CHICAGO (CBS) — The Chicago Police Board has cleared a white police officer in the controversial shooting death of an unarmed black teenager six years ago.
The board’s 5-3 vote on Thursday absolved Officer Brandon Ternand of any wrongdoing, despite a ruling by the Independent Police Review Authority calling the shooting of 15-year-old Dakota Bright unprovoked and unwarranted.
IPRA had recommended Ternand, who is white, be fired for using excessive force for shooting Bright, who is black, in the back of the head.
Bright was a freshman at Robeson High School when he was shot and killed while running away from police on Nov. 8, 2012. An autopsy revealed he was shot in the back of the head.
The shooting sparked controversy, and set off protests in the community. Bright’s family said he had just left a friend’s place, and was walking to his grandmother’s house when he was shot and killed.
The night of the shooting, Ternand and his partner were responding to a call of a burglary that turned out to be a false alarm. Ternand told the Police Board they saw Bright walking in an alley with a gun in his hand.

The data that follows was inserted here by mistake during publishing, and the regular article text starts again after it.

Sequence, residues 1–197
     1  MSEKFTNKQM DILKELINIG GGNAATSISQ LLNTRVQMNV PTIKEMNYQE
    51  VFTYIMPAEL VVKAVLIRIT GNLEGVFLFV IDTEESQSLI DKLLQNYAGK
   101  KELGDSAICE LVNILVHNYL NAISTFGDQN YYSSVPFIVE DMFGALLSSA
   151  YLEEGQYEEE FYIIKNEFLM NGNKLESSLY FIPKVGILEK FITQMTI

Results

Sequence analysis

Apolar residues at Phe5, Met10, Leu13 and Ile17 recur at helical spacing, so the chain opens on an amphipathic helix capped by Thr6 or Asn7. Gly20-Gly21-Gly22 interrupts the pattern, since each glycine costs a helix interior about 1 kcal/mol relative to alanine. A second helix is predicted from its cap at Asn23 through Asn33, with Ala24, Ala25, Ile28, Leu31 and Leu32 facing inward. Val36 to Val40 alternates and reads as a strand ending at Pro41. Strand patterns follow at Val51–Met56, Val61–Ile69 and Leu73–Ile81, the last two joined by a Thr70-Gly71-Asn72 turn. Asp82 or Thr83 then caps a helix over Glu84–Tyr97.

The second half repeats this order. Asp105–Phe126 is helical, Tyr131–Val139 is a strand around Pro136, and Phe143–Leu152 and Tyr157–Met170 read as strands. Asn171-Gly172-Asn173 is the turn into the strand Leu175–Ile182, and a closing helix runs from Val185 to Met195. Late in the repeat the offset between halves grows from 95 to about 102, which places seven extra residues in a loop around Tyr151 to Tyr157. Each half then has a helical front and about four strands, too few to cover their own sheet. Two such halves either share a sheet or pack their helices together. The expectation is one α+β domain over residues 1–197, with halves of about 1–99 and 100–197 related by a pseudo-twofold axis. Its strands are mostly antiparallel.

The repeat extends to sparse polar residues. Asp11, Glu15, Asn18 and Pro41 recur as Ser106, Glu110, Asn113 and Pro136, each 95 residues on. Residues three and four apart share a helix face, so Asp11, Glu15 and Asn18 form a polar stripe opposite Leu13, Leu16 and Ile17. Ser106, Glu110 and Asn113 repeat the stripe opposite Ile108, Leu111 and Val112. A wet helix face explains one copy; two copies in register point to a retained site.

IPRA had questioned Ternand’s account of the shooting, in which he claimed he shot Bright after he reached for his waist and started turning toward him, after running away and scaling several fences.
Bright was unarmed when he was shot, although a .22-caliber revolver was found in a front yard near where Ternand and his partner began chasing the teen.
A majority of the Chicago Police Board found Ternand’s testimony to be credible and persuasive. The board said he had been a tactical officer for five years, calling him a decorated officer, and noting his reputation for honesty was backed by character witnesses.
Bright’s family sued the city over the shooting, and in 2016 the City Council approved a $925,000 settlement.
Ternand was placed on paid desk duty from 2012 to 2017 while the shooting was under investigation. He was suspended without pay last November. Having been cleared by the Police Board, Ternand will be reinstated to active duty, and given back pay for the time he was suspended.
The Chicago Police Department declined comment on the board’s ruling.
“It would be improper for the Superintendent to comment on this specific case when there are other Police Board cases he has not commented on after the Police Board came to their decision,” CPD News Affairs Officer Michael Carroll wrote in an email.